How to turn down a Postdoc scholarship offer that you already signed the contract for?
I am all but a hardliner when it comes to such topics, but signing a contract and then not taking the offer is a major breach of trust. This is not "close" to burning bridges. Unless the other side is the most understanding person in the world, this is going to go down really badly with the other side, and mark you forever as an utterly unreliable person, whose word cannot be trusted even after the paperwork is already filed. Frankly, if it is just about location and salary, I would strongly advise against changing your mind. The only time when this could be acceptable is when you get offered a faculty position instead of a postdoc.
After some more discussion, reading Pete's answer, and a good night's sleep, here are some additional clarifications to my answer:
Steve Jossup: "I wonder whether they're working on the assumption that in a typical contract the questioner has already contracted to work for the full duration of the scholarship without notice period"
No, that's not my assumption at all. I think it is perfectly ok to quit a two-year scholarship after one year, because something better has come up. However, to me there is a world of a difference between quitting after a year and effectively handing in your notice before your job even started. I do remember that there is a question here somewhere about what the shortest acceptable timeframe for quitting a postdoc is, but I can't find it currently.
Also, the comparison between postdocs and professional contractors is in this context quite helpful. I have been an software engineering contractor for a short time, and I would have never signed all the legalese paperwork for a customer and then immediately backed out because a better-paying customer came around. As a contractor, like a postdoc, you are living off of reputation, and this kind of thing is not good for it.
"Isn't there a chance that the other person would be ok with the OP cancelling the deal?"
Of course there is. Maybe the OP's original postdoc advisor does not care so much about this position anyway. Maybe the original postdoc advisor is really just that happy for the OP that he found a better post. However, in all the discussion so far, the OP has to the best of my knowledge never indicated that he plans on discussing with the other person. This question is all about telling the other person that he has changed his mind. There's an important difference.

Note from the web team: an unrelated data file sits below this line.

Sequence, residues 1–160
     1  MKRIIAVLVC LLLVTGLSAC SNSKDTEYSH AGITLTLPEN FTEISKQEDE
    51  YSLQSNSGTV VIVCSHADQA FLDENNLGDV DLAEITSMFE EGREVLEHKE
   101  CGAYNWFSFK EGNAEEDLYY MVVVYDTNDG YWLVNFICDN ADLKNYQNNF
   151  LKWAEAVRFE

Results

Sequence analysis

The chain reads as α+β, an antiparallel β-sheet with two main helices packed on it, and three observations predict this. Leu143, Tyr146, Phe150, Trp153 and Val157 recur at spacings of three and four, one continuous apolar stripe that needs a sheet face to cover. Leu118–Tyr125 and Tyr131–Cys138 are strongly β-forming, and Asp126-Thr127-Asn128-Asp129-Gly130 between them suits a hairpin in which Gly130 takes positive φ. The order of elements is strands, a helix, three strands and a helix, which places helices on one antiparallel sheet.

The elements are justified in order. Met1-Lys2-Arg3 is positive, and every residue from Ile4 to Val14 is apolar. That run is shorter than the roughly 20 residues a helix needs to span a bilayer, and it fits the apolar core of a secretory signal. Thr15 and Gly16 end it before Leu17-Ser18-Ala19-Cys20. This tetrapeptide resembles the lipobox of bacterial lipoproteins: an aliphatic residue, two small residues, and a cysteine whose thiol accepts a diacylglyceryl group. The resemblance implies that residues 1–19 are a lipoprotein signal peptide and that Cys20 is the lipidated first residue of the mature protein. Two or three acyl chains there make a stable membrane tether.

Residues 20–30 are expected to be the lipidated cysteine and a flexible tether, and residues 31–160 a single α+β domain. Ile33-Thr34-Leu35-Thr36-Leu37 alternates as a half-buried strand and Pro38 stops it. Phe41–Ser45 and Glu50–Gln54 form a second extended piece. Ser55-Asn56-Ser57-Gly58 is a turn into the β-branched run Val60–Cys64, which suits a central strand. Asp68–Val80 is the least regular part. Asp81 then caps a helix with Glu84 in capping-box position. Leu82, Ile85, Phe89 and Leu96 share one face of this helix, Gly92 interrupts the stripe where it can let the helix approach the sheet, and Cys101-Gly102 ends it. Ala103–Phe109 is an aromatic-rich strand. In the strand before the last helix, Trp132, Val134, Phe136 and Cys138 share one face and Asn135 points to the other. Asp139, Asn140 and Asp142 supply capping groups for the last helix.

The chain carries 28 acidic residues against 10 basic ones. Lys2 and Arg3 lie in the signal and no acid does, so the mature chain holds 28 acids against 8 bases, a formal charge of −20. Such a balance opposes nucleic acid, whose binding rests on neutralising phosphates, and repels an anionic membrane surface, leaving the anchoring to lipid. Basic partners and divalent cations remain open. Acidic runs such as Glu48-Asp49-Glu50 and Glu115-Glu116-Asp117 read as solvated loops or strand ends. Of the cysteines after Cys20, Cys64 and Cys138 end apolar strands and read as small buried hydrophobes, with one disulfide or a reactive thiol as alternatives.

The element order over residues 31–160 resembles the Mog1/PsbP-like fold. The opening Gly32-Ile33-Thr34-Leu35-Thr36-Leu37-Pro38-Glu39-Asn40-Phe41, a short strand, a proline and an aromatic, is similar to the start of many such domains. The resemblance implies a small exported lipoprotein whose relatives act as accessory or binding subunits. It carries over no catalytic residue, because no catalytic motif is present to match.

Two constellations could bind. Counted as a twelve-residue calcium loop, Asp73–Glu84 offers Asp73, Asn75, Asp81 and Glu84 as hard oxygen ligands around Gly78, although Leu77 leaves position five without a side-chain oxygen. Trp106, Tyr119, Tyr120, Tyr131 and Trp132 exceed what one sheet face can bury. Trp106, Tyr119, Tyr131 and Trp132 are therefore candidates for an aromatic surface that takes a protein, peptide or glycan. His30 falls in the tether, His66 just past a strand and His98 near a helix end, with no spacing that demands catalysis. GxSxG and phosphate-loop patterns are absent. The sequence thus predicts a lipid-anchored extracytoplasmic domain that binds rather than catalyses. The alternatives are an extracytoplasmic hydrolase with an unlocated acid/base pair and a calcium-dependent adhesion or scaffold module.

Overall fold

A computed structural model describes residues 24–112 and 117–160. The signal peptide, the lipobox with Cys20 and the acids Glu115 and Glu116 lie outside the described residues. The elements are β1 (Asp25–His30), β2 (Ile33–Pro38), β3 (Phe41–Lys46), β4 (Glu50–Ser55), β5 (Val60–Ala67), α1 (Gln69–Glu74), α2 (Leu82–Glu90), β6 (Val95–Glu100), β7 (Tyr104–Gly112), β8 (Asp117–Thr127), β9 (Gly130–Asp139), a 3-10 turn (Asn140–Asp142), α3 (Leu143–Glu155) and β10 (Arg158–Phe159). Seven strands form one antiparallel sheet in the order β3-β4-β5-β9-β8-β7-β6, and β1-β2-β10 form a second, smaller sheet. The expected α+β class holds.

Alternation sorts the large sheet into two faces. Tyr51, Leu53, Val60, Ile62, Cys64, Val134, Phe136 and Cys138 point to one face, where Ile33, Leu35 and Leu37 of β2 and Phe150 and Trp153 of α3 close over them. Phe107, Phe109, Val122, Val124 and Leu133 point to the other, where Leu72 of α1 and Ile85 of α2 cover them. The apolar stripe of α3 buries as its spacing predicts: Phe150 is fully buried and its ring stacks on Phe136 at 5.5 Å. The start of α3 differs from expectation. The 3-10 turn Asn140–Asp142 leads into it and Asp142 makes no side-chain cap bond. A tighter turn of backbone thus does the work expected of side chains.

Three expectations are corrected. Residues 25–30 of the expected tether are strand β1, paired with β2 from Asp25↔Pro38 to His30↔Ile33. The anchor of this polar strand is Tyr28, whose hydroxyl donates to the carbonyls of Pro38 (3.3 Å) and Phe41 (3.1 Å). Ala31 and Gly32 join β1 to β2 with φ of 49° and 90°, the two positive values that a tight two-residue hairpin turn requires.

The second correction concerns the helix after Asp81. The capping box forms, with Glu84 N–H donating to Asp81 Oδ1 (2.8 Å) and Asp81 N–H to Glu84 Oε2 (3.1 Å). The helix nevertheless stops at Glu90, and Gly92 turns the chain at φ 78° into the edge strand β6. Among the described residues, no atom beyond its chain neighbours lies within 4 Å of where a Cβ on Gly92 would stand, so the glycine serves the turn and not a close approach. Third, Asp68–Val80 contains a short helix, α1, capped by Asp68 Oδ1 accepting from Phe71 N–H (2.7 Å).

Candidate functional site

Stephan Tarasov: "Why should it "could be acceptable is when you get offered a faculty position"?"
This is really just an amendment of the previous point. Even if you get offered a faculty position, you should not just tell the other person that you're out after all. You explain your situation to them carefully, and maybe they will understand and you will be able to renege without burning any bridges. The probability of the other person being understanding is much higher if the other post is objectively much better than the original one, which would be the case if comparing a tenure-track position and a postdoc position. A better-paying postdoc does not qualify.
Stephan Tarasov: "this should not hurt anyone!"
I am not sure why you would say that. The other person thought she is going to have an additional postdoc for a specified time frame, and now she isn't. How is that not very bad for her?
Stephan Tarasov: "Are you saying you keeping all of your promises all the time?"
I would say I try to. Anyway, a signed contract is certainly more than just a promise.
Anyway, I feel like I have said all there is to say on this matter. Still, I have created a chat room for this question, and should the OP or anybody else want to discuss this issue further, I invite you to discuss it in the chat room. As the commenting escalated a bit last night (surely my fault as well), I will not be answering any comments here directly anymore.